Thursday, September 28, 2000

The White Goddess, by Robert Graves, summary

Klar, Celtic Romanticism 170

A Historical Grammar of Poetic Myth
by Robert Graves

Poet, novelist, scholar and translator, Robert Graves’ pioneering classic, The White Goddess, a poet’s mytho-Bible on the history of Western civilization is not a text to be swallowed in one sitting. Having mined it for some 20-odd years, I’m daunted by the thought of writing a summary!

Farrar touts the book as a historical grammar of poetic myth; Graves called it a “verbal iconograph.” Graves, an Anglo-Irish Romantic poet, gained literary fame after WWI as a war poet, when he began to question the very foundations of Western civilization. He began with his own Celtic roots (his father was a renown Celtic scholar-poet from Kerry (?). 

A convergent mytho-evolutionist, Graves draws from many sources including Semitic and Indo-European myths, but his primary objective is to explore the arcane (druidic) knowledge in medieval Welsh and Irish material. 

Graves attempts to decode the “hidden knowledge” of medieval Celtic poems and myths by categorizing common motifs—especially the alphabet of trees. Using myth, folklore and poetry—especially the Brittonic source of inspiration—Graves links Europe and Asia Minor with a pantheistic, matriarchal worship of the (triple) White Goddess as the moon/ earth—who after the Fall, was demoted from primary goddess to patriarchal muse.

The 1948 publication date of The White Goddess (amended in 1960) is a post-WWII book (the original ms. written in three weeks). So the cultural landscape was in desperate need of a Goddess: a shell-shocked Europe recovering from demoralizing wars.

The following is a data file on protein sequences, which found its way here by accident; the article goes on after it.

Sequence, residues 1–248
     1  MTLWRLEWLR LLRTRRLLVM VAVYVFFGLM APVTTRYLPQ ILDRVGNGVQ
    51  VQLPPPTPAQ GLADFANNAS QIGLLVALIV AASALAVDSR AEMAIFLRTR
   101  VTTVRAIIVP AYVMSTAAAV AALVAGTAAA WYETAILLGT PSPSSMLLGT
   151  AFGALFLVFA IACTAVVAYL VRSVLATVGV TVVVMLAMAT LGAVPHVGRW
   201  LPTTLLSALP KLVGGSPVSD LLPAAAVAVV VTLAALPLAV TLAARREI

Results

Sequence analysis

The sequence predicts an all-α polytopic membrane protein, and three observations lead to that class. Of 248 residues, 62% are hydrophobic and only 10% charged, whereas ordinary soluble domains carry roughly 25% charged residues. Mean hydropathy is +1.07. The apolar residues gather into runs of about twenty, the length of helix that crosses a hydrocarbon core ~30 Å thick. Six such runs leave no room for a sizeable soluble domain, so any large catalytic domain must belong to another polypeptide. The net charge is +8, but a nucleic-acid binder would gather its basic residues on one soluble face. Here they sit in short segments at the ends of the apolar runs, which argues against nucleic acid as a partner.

What’s interesting is HOW Graves came to write the book—synchronically—a Romantic notion. His Balearic and Berber artifacts “spoke” to him in 1944, while he was writing historical novels, The Golden Fleece (I, Claudius, in 1934), King Jesus; The Hebrew Myths, and The Greek Myths were also a result of his questing. 

Graves himself commented that The White Goddess reads “queerly” but it shepherded a generation of post-war writers into imagining a Golden Age of mytho-poetics and magic. 

The book is a little more accessible than its eclectic predecessor, Frazer’s The Golden Bough. 

In rereading the text, I find that I am able to hold onto his ideas now that I’ve developed a historical matrix. However, I read his Celtic synopses with a Celtic Twilight lens, because, as he complains in his preface, that “no expert in ancient Irish Welsh has offered me the least help in refining my argument...” 

I have trouble when Graves insists that Classical culture is the model for Celtic myth. When Graves looks back to remnants of an earlier Old European landscape for surviving fragments, he links them to what he knows best: the Graeco-Romans. 

He utilizes observations of the Classical writers, weaves several strands of Eurasian, Old- and Indo-European myth and folklore, and attempts to categorize their common elements. Some of the Bible-as-myth references, especially the apocrypha, are interesting. 

Like Graves, I consider Judaeo-Christian /Islamic philosophy the taproot of modern Western civilization’s travails—especially in the context of war and ecological disaster. It is part of my own poetic mythos.
ENVOI: Graves’ book evoked memories of my grandmother’s tree idiosyncrasies (wood: our only source of heat). Why she wouldn’t cut alder: it bled (so did oak). Or willow: it was a sally (arthur-itis) tree. Madrone/ manzanita: too like a woman, too hot a flame. Or the big Doug firs: OK to burn the scrub ones, but not the tall Bishop pines—there was some fussing over the cypress, but it was diseased. 

Any aromatic fruitwood was OK. Acacia was OK to burn, but it was one of the four lintel woods. She wouldn’t let anyone cut the oaks: sacred tree/mistletoe; doors were made of it, but it burned the cleanest and was the best (you’d think its white ash was face powder). 

Bay was fine to burn—even if the Greeks made laurels from it—but was considered inferior because it wept and sang when burnt wet, leaving a dirty scum, and it burned too fast when dry. Black/white Hawthorn was NEVER allowed into the house. EVER. The haws, yes, we ate them in Fall. Woody herbs: sage, rosemary, etc., were burnt for their cleansing smoke (smudging).

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